Although a specific date has yet to be set for the official opening of the Giriyondo Border Post between the Kruger National Park and the Limpopo National Park, the ceremony is due to take place towards the end of August or the beginning of September. Hailed by the Department of Environmental Affairs and Tourism as being “amongst the most important regional conservation developments in recent time”, the heads of state of South Africa, Mozambique and Zimbabwe will probably all participate in the ceremony. At this point, the official opening date will depend on their schedules.
A preliminary date of August 12 has not been confirmed, but seems unlikely. More game translocations from Kruger are expected at the time of the official opening, with the possibility of some game also being brought to Mozambique from Gonarezhou National Park in Zimbabwe. According to Piet Theron, SANParks TFCA programme manager, construction on the Mozambique side of Giriyondo is scheduled to be completed in mid-July.
He added that some of the tourism products being prepared in the Limpopo National Park are also likely to be ready for tourists at the time of the official opening. About 170km of road networks within the Great Limpopo Transfrontier Park (GLTP) have already been opened and graded. The border post will be manned by immigration officials from the Department of Home Affairs and by border police. It is not expected to become a commercial border post requiring South African Revenue Service customs officials.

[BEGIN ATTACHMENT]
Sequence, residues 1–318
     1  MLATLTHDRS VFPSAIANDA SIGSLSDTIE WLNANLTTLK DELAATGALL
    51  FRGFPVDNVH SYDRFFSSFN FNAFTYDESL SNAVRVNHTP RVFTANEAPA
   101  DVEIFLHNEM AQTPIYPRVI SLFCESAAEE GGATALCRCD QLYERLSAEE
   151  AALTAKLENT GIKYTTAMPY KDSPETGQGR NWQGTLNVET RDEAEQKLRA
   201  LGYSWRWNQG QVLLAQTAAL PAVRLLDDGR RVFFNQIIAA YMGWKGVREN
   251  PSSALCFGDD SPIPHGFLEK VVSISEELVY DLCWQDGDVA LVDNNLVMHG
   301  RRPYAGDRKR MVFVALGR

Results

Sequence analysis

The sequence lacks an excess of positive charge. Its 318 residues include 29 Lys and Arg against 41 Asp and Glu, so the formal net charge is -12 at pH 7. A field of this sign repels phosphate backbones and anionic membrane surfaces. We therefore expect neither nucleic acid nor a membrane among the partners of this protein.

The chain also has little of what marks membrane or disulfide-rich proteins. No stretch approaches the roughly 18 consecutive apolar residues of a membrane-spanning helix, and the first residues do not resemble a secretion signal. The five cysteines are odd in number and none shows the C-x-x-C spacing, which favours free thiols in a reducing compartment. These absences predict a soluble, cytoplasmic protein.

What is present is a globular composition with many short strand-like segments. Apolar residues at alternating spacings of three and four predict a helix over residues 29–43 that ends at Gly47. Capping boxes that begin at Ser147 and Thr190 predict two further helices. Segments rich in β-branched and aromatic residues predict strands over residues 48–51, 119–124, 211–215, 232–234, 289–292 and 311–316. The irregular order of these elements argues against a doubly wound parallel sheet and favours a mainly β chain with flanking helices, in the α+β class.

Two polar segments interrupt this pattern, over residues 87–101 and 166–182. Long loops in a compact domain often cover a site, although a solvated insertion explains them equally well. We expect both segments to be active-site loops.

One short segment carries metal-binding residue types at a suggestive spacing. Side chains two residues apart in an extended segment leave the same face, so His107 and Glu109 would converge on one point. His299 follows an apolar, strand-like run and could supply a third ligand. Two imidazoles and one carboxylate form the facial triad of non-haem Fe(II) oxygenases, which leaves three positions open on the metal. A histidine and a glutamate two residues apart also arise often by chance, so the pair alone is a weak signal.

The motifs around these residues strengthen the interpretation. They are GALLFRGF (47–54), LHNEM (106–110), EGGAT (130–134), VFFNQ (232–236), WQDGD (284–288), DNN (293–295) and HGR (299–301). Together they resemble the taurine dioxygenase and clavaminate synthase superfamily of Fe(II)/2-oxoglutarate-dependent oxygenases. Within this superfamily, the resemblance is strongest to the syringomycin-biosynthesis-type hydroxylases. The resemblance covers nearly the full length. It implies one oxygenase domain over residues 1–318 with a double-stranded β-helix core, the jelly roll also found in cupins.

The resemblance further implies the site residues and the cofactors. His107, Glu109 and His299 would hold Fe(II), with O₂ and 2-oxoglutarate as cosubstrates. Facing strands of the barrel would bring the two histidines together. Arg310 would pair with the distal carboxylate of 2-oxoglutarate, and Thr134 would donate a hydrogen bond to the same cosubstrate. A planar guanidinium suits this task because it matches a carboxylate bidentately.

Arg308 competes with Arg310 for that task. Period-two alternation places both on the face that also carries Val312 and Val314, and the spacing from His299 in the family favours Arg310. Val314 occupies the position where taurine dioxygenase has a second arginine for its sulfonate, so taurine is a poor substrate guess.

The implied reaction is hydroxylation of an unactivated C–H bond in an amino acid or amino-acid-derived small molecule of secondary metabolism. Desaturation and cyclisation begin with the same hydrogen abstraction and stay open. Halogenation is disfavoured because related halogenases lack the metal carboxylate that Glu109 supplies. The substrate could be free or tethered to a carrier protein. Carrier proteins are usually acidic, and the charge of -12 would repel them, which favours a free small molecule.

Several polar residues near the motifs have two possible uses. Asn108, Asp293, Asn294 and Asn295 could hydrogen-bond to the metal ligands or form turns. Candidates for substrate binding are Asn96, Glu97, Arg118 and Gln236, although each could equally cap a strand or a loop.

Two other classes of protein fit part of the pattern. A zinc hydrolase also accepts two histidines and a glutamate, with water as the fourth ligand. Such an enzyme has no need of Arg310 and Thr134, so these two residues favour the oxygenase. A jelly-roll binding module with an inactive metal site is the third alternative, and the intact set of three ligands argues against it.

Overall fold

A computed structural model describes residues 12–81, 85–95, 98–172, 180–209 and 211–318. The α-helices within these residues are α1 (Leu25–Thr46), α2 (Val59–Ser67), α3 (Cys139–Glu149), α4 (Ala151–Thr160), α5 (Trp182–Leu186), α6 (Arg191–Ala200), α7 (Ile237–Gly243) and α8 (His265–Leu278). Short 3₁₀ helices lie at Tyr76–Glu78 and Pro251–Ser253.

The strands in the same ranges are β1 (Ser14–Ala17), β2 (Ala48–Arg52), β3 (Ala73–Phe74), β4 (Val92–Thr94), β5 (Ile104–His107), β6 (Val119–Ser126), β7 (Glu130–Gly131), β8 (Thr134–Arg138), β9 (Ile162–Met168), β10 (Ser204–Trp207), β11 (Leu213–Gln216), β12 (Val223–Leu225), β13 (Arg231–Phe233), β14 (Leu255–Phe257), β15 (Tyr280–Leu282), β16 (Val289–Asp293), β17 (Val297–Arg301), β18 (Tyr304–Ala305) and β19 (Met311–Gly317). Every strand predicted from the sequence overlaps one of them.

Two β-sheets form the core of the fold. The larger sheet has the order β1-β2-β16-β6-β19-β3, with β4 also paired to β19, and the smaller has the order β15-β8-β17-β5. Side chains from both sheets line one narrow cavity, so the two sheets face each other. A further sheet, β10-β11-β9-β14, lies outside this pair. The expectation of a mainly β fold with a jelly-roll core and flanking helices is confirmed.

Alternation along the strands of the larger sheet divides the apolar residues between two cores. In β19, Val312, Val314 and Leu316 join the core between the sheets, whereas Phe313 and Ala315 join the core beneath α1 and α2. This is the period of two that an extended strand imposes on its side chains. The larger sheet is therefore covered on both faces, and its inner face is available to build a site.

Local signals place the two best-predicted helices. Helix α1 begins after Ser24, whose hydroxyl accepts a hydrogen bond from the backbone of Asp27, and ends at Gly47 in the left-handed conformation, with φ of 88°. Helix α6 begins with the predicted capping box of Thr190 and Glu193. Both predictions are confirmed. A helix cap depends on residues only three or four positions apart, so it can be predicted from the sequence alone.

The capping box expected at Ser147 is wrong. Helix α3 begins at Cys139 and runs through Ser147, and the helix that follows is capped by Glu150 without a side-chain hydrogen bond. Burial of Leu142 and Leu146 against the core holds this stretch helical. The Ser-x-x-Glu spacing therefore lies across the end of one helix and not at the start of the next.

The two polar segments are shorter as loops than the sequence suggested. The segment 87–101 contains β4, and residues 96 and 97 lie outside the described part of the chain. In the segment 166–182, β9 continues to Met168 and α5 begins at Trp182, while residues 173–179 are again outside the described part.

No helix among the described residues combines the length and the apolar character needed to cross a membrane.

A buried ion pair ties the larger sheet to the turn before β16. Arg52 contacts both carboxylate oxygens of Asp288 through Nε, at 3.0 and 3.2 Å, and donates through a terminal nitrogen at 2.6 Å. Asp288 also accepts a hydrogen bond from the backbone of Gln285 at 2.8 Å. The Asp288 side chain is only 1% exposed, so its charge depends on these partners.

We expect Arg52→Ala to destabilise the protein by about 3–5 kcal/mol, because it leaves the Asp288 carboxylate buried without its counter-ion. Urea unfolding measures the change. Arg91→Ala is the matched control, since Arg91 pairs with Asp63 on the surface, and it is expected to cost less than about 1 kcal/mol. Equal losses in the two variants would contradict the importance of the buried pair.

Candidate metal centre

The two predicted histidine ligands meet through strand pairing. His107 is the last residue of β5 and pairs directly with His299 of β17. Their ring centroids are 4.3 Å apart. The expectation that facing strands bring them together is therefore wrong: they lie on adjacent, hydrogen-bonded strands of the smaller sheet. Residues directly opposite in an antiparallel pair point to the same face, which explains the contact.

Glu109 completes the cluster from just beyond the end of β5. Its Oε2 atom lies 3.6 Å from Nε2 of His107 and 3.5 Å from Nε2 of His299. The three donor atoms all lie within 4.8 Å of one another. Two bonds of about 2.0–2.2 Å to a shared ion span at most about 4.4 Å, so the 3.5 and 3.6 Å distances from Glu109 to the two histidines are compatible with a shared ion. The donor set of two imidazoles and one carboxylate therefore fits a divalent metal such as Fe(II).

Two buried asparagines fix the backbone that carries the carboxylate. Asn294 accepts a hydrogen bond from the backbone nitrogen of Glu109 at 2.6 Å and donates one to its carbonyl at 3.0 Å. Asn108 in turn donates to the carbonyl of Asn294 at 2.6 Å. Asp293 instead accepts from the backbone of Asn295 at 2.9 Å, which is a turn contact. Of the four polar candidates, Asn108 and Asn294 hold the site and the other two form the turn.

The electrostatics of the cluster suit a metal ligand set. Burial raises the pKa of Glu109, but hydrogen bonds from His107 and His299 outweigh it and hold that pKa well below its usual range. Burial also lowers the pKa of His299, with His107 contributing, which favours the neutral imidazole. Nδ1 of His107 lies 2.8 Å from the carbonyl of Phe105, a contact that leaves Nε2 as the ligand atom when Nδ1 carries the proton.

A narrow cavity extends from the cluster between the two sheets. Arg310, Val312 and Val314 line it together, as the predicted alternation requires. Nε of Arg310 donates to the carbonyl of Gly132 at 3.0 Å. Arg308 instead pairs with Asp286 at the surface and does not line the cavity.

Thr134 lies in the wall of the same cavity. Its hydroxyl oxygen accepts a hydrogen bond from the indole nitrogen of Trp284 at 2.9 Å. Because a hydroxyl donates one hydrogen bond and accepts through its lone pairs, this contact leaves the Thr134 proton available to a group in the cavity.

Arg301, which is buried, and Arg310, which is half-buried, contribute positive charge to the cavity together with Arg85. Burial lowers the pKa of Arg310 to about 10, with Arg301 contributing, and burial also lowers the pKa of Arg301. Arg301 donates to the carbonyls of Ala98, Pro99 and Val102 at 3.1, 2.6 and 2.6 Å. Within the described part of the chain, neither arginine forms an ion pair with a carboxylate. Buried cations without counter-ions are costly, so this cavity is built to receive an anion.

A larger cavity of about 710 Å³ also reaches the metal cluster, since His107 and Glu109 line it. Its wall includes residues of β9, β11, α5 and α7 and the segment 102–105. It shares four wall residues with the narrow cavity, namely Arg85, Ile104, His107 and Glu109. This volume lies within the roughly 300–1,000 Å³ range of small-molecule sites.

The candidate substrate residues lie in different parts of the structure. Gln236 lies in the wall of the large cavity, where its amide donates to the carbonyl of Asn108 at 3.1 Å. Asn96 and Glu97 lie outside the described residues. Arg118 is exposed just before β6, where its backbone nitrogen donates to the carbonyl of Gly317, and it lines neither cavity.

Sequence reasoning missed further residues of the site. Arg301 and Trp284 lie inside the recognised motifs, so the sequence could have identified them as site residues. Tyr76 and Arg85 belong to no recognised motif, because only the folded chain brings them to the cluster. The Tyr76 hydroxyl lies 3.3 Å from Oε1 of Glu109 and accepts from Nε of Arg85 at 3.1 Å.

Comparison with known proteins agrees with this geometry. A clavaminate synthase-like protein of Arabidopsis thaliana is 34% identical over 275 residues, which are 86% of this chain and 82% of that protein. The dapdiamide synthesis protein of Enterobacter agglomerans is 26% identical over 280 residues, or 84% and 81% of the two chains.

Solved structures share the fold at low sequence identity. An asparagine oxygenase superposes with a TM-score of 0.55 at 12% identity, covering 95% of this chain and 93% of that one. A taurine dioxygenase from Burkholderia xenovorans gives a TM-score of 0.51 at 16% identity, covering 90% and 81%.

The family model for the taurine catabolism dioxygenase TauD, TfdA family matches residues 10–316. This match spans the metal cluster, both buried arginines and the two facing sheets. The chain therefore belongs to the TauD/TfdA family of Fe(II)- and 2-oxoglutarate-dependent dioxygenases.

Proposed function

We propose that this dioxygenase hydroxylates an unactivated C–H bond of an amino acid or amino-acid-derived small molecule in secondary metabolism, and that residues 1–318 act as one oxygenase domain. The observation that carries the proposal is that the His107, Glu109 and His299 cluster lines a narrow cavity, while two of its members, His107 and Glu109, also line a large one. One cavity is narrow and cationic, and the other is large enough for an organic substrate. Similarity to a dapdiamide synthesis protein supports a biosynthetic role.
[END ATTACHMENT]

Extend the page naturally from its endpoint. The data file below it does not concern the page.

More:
Once the border post has been opened, members of the public will be able to travel between South Africa and Mozambique via the Kruger National Park. They will be able to exit into the rest of Mozambique after travelling through the Limpopo National Park. At the same time as preparations are underway for the opening of the border post, environmental ministers from southern Africa have agreed to increase the profile of transfrontier conservation areas in time for the 2010 soccer world cup.
Capital will be sourced for infrastructure improvements, including upgrading roads and tourist accommodation in seven transfrontier conservation areas. These include the Ai-Ai Richtersveld, Kgalagadi, Kavango Zambezi, Limpopo-Shashe, Great Limpopo, Lubombo and Maloti-Drakensberg. To improve the tourism product, the visa systems between all the SADC countries involved will be looked at.
The department of environmental affairs has said they wish “to enable travellers to experience a number of different African countries in a single destination.” Within the GLTP, one of this year’s more pressing issues on the agenda will look at developments in the Pafuri area of Kruger. This region is a likely spot to allow people to travel between Zimbabwe, Mozambique and South Africa. However, the cost of a bridge over the Limpopo River is likely to be an important factor in the planning.